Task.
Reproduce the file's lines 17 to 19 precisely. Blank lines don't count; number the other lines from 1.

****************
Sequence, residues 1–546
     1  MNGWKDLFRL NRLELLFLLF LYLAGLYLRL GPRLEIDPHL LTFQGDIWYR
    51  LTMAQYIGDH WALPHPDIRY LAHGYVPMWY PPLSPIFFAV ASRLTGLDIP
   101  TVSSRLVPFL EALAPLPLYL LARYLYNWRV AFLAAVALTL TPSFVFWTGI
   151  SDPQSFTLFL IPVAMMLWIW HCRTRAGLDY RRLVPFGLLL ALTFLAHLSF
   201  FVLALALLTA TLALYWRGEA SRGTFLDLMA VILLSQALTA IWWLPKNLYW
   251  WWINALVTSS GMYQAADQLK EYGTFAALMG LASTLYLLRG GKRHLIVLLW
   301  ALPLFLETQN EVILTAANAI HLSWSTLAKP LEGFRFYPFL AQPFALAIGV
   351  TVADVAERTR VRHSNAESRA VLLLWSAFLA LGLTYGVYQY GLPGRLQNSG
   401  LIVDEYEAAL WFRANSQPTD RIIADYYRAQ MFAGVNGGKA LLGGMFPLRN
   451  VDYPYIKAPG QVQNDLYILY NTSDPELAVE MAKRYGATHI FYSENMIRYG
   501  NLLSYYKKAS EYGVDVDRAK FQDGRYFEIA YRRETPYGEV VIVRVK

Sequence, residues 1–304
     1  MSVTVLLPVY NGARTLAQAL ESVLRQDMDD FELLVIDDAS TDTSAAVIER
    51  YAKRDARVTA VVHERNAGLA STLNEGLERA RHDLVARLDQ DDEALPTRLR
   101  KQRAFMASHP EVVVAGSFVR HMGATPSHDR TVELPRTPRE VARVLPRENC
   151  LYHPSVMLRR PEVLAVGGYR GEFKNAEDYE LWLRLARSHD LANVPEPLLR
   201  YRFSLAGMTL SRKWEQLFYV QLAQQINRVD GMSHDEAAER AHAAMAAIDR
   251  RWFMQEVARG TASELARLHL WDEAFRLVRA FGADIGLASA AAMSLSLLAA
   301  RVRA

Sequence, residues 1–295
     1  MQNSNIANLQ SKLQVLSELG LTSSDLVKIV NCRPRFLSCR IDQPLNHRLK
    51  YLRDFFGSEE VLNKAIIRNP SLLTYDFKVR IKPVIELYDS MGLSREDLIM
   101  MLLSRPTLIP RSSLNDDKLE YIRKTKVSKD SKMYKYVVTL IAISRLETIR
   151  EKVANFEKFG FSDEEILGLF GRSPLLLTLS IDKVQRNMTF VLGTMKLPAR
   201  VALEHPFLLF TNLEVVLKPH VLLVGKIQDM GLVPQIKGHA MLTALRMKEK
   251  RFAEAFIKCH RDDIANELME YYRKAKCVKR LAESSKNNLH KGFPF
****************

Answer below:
   151  LYHPSVMLRR PEVLAVGGYR GEFKNAEDYE LWLRLARSHD LANVPEPLLR
   201  YRFSLAGMTL SRKWEQLFYV QLAQQINRVD GMSHDEAAER AHAAMAAIDR
   251  RWFMQEVARG TASELARLHL WDEAFRLVRA FGADIGLASA AAMSLSLLAA